Tipping is a usual practice in Thailand. Small gratuities for great service are very much appreciated. Many hotels and restaurants add a 10% service charge to the bill, which already serves as a tip. If service charge is not included a 5% - 10% tip is appreciated. The majority of workers in the hospitality and service industries in Thailand earn little, soa small tip goes a long way and will generally bring out extra enthusiastic service.
Fixed prices are the norm in department stores, but at most other places bargaining is to be expected. Generally, you can obtain a final figure of between 10-40% lower than the original asking price. Much depends on your skills and the shopkeeper's mood. But remember, Thais appreciate good manners and a sense of humor. With patience and a broad smile, you will not only get a better price, you will also enjoy shopping as an art.
When hailing taxis, it is common to keep your hand horizontal, fingers facing down. Holding your hand with fingers up is considered rude. Bangkok has thousands of taxis, and finding one at any time is never a problem. The occasional exception to this is during a monsoon season downpour. By international standards they're very cheap too, the starting rate is 37B (1.2 US$ approx.) including the first 2km and it is 5B/km after that. This means that even relatively long journeys, such as from Sukhumvit to the airport often aren't above 350B (12 US$). Another popular mode of transportation are tuk-tuks. These three wheeled rickshaws have become one of Bangkok's most recognizable transportation features, and are very popular among tourists and visitors. There are no taxi meters in tuk-tuks, so you need to negotiate the fare before the ride.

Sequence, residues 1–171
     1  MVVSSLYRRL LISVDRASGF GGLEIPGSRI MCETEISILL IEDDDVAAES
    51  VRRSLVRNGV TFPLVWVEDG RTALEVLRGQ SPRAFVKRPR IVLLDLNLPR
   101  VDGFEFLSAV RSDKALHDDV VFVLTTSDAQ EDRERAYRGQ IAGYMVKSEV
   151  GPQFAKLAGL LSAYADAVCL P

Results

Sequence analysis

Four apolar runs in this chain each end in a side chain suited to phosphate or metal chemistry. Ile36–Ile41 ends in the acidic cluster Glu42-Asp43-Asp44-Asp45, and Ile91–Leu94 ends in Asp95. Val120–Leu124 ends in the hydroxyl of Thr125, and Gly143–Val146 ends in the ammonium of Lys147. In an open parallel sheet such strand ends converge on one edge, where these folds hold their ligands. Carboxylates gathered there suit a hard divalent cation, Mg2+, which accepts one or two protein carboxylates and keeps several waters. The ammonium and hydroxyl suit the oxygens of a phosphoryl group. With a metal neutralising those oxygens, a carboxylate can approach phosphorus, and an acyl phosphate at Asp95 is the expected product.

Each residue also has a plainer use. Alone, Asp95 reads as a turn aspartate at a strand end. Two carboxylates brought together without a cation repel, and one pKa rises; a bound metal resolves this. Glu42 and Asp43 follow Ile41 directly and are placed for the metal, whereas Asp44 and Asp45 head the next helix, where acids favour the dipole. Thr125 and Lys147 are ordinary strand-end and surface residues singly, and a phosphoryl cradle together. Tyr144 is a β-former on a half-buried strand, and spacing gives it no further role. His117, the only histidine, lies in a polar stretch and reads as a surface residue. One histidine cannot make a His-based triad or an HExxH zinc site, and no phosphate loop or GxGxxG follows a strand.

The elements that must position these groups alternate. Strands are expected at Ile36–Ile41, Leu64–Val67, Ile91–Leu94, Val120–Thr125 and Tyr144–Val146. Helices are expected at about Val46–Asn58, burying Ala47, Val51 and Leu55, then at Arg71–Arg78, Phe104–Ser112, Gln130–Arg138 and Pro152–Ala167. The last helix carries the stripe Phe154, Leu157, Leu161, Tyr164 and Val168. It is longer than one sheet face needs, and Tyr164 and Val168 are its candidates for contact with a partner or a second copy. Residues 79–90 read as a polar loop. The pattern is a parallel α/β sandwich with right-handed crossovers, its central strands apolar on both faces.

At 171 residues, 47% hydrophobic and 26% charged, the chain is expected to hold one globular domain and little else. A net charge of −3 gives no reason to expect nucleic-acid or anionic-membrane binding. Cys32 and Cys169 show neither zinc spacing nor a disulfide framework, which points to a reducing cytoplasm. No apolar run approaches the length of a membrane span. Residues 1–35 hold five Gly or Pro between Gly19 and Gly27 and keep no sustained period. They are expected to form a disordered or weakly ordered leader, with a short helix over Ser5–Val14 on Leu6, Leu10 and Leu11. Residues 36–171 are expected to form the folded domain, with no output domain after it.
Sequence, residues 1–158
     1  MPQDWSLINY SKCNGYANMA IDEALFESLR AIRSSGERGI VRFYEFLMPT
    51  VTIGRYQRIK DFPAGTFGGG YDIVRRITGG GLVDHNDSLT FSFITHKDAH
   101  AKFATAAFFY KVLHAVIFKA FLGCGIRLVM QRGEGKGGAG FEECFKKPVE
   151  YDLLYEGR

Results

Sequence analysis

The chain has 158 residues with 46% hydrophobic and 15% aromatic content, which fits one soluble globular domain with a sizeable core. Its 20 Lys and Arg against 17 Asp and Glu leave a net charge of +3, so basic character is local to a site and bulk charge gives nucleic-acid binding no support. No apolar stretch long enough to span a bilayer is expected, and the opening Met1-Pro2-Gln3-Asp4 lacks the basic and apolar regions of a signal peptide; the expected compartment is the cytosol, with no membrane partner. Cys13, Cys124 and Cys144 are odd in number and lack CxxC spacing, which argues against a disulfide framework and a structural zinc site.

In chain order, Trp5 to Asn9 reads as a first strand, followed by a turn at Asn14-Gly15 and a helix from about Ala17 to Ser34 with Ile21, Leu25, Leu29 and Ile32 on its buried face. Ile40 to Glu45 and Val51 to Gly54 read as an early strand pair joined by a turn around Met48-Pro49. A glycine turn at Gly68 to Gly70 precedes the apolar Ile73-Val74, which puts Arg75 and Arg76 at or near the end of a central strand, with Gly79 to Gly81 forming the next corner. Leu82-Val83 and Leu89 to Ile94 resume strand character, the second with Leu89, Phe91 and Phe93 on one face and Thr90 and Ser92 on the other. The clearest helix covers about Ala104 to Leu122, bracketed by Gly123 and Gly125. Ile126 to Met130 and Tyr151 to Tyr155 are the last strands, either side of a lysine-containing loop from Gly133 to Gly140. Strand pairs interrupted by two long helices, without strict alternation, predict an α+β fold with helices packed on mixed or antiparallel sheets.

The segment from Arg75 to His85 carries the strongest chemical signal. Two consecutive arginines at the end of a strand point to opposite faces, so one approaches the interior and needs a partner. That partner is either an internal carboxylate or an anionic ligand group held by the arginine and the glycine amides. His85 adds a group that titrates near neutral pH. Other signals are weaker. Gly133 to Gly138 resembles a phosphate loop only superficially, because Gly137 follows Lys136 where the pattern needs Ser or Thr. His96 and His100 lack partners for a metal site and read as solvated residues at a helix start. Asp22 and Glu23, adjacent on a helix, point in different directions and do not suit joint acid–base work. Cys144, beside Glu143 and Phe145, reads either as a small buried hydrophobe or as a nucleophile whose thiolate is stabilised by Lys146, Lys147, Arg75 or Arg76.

There are two prices at many attractions (especially national parks):local price and foreigner price. That is how things are here; there is nothing you can do about it. Don’t argue, it will not get you anywhere. Always keep in mind that even with double pricing Thailand is far cheaper than most Western countries.
ATMs can be found everywhere but take out large sums at a time as local banks charge a 220 baht ($7 USD) fee for each transaction. The maximum amount you can take out at a time is 20,000 baht (approx. 650 USD).
Pre-paid SIM cards are easily available at any convenience store (7-Eleven, Family Mart). You’ll need to show your passport in order to buy a SIM card, as each one needs to be registered. The starting price is just 49 baht (1.5 USD).